A coffee mill creates excellent flour, although with some models it may not be possible to adjust the level of fineness since coffee is usually not ground as finely as most types of flour.

Creating Flour with a Seed Grinder

A seed grinder is another useful tool for grinding grains and seeds into flour. Like a coffee mill, it uses gears for grinding, but it usually is capable of grinding grain to a much finer consistency if desired. Some manually operated models can be adjusted to produce varying degrees of fineness. Many models (such as the one pictured) can be attached to a tabletop or countertop with the use of a built-in clamp. Manual seed grinders have an appearance that is very similar to a manually operated meat grinder.

The grain or seeds (such as the spelt grain shown) are simply poured into the grinder.

When the handle is cranked, the flour empties through the side of the grinder and falls into a small bowl placed below the grinder. If the resulting flour is not as fine as desired, the setting can be adjusted to create flour that is more finely ground.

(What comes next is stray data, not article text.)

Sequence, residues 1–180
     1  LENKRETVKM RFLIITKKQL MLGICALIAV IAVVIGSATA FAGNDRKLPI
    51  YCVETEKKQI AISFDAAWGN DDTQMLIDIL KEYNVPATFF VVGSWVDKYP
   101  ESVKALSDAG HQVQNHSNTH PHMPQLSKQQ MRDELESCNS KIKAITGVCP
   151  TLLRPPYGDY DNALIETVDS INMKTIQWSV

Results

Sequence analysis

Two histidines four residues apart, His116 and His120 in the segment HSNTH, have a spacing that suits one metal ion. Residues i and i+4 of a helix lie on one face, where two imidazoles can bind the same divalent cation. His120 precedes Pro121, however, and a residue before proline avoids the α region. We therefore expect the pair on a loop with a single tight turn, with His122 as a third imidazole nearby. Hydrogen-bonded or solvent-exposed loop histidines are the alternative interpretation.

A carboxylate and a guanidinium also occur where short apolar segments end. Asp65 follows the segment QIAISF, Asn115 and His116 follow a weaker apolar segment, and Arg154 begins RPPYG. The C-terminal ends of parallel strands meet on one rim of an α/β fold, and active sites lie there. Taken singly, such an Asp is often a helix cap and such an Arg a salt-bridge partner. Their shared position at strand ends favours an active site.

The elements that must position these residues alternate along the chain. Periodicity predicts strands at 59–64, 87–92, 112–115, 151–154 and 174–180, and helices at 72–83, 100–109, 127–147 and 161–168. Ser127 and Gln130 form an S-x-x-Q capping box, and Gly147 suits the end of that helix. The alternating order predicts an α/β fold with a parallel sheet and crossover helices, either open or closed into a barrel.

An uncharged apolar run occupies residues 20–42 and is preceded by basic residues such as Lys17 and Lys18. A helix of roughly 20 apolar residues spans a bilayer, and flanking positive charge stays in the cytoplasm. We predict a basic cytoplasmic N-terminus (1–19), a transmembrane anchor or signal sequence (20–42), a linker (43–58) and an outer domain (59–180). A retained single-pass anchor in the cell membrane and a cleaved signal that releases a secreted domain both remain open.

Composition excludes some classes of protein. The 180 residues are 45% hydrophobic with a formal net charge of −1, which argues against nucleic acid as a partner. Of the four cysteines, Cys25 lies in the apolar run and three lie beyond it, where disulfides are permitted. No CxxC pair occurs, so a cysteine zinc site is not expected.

A seed grinder can produce flour with a very powdery, fine consistency. It is able to grind very small grains and seeds that may otherwise be impossible to grind using other methods.

Creating Flour with a Small Electric Grinder

Small electric grinders/choppers can also be used for grinding grains or seeds to create flour. They are easy to use and grind foods quickly. Some models are similar to a small food processor. A sharp blade spins at high speed and is able to chop most food items that will fit inside the grinding compartment.
The grain or seed (such as the barley shown) is poured into the grinder and the cover is placed on top and locked into place. Small grinders and larger food processors all have a safety feature that does not allow the blade to spin unless the cover is properly locked into place. The motor can then be switched on to allow the blade to spin or pulse in order to chop and grind the food.
Some small grinders, such as the one shown, are activated with the lid only. When the cover is properly positioned it can be twisted so that a tab on the cover slides into a groove in the grinder mechanism, which activates the motor. As soon as the tab on the cover is released from the switching mechanism, the motor stops.
The blade can be pulsed by turning the motor on and off in quick succession to allow more control over the degree of fineness. Flour or meal that is coarsely ground can be created with only a few pulses of the motor while additional pulses results in an increasingly fine consistency.
Allowing the blade to spin continuously creates very finely ground flour.